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How to get into Rust as a TypeScript Developer

🔗How to get into Rust as a JavaScript/TypeScript Developer

Rust is the language of my dreams. I work primarily as a JavaScript developer, so my skillset largely includes the web, as well as NodeJS environments. I love JavaScript, but I wanted a new language to dive into. That new language needed to check off a few boxes:

  • Rich Type System (TypeScript made me see the value of this)
  • Fast / Low Level (JavaScript is SO SLOW, I want speed next)
  • Great Documentation
  • Community

I originally thought my new language was going to be C++. It has the speed I wanted, and is a strongly typed language that is also statically typed. The big problem with C++, though, was that there wasn't any sign of official documentation, and the community seems a lot less beginner-friendly than I was hoping.

Then came Rust. Rust checks all the boxes. Speaking about their documentation alone, it is OUTSTANDING! It's a one-stop shop for all of my language needs. As a beginner, this is SUCH a time saver. Shout-out to mdbook for having one of the cleanest documentation formats I have ever seen.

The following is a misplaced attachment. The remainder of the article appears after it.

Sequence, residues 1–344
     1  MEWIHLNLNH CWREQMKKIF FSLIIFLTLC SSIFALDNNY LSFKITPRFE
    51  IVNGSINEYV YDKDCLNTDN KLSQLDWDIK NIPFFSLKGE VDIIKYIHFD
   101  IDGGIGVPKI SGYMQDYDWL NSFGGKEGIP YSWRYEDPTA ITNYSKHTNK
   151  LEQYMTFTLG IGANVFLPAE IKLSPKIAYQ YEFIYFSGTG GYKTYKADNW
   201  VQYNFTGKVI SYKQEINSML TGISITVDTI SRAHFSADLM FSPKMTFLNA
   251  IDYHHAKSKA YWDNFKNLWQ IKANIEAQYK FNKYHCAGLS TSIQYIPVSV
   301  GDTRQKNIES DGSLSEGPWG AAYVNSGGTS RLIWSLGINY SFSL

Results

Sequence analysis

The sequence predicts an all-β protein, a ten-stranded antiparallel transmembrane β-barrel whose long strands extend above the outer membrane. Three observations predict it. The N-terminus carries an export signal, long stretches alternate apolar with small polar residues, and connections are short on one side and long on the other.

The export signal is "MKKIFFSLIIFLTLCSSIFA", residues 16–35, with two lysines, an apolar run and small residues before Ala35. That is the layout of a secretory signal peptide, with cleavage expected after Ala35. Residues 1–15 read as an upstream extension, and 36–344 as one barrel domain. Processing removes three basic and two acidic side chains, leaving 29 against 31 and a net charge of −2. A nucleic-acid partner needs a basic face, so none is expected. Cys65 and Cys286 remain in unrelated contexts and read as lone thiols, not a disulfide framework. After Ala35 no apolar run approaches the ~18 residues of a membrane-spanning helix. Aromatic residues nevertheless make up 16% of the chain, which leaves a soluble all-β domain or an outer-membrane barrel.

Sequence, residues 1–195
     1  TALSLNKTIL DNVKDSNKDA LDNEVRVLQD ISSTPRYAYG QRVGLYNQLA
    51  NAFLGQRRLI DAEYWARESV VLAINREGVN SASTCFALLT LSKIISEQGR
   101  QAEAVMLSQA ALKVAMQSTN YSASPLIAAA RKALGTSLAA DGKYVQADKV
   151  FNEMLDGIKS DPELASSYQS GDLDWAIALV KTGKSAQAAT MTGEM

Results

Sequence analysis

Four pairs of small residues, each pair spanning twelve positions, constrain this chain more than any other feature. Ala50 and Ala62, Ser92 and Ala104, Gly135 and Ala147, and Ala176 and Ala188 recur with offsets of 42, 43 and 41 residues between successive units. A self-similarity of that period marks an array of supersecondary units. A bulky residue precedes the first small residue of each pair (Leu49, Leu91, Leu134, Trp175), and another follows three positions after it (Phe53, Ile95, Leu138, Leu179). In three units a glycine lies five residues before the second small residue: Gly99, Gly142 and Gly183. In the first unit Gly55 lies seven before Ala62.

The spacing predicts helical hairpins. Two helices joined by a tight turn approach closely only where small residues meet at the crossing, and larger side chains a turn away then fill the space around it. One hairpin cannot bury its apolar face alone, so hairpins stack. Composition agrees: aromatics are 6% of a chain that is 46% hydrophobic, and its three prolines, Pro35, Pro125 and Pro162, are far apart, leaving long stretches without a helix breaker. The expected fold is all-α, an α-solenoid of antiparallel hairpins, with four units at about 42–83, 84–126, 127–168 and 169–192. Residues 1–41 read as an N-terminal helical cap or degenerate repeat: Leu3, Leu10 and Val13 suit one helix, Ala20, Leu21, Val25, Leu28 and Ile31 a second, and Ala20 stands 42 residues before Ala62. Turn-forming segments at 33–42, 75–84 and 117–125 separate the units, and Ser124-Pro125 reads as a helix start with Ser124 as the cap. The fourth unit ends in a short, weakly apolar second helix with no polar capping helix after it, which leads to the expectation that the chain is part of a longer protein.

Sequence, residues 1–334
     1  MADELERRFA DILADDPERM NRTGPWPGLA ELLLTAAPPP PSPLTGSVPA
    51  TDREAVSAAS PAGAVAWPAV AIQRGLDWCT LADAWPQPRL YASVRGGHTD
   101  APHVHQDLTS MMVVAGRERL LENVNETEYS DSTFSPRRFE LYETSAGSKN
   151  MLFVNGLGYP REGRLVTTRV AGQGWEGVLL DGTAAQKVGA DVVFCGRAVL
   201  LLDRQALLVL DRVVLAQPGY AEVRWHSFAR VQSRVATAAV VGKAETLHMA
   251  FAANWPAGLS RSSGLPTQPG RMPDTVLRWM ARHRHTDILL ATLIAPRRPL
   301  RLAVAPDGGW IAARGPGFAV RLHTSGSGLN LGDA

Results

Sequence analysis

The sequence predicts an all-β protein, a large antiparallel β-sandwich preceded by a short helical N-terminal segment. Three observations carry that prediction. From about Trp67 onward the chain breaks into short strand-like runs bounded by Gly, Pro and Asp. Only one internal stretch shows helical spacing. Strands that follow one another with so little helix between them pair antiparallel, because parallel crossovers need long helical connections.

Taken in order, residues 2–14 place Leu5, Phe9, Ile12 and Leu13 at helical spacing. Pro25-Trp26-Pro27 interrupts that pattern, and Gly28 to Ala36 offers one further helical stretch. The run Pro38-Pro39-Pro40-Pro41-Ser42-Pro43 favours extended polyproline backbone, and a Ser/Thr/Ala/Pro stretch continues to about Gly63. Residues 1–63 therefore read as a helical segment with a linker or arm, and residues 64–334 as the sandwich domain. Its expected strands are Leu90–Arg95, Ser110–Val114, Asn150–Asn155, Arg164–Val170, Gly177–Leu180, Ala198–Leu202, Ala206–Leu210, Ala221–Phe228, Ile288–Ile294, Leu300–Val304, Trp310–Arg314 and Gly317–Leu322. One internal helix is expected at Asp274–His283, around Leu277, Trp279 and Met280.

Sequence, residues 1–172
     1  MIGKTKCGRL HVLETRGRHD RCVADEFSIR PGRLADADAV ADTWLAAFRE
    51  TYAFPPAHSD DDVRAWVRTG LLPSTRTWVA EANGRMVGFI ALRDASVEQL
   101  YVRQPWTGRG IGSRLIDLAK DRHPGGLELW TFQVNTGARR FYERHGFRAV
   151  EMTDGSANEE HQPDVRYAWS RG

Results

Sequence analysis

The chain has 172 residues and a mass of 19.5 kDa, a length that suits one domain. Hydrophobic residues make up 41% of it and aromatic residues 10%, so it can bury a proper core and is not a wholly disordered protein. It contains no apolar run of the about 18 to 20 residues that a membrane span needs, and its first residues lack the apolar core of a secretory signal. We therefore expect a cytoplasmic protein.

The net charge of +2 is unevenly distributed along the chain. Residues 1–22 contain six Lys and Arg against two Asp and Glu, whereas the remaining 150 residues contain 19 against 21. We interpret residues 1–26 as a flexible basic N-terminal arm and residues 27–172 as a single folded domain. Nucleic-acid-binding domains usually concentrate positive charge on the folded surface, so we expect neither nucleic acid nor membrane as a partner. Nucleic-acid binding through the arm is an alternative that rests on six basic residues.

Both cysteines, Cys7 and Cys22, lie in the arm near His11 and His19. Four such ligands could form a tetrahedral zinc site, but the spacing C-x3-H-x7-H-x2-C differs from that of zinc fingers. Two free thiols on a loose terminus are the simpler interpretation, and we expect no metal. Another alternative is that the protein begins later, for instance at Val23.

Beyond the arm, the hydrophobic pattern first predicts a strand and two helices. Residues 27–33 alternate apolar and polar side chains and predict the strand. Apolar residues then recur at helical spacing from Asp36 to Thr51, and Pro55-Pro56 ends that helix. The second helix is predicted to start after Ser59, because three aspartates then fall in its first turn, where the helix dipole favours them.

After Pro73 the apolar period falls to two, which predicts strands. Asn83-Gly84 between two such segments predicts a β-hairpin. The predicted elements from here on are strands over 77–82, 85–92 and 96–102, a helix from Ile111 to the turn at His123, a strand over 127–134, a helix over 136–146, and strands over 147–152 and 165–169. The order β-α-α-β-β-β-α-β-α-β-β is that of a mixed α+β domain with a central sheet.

🔗The Speed of Rust

I briefly mentioned my desire for great documentation, but now, let's look at speed!

This blog post by Sean Wragg sums up the speed of Rust in a comparison of web frameworks. In his article, he compared Rocket (a web framework written in Rust) to Restify (another web framework written in NodeJS). He benchmarked how many requests per second each service was able to handle, and the results were staggering.

Rocket vs Restify Responses per Second

The requests/second each service could handle:

  • Restify: 7,996.19
  • Rocket: 72,133.75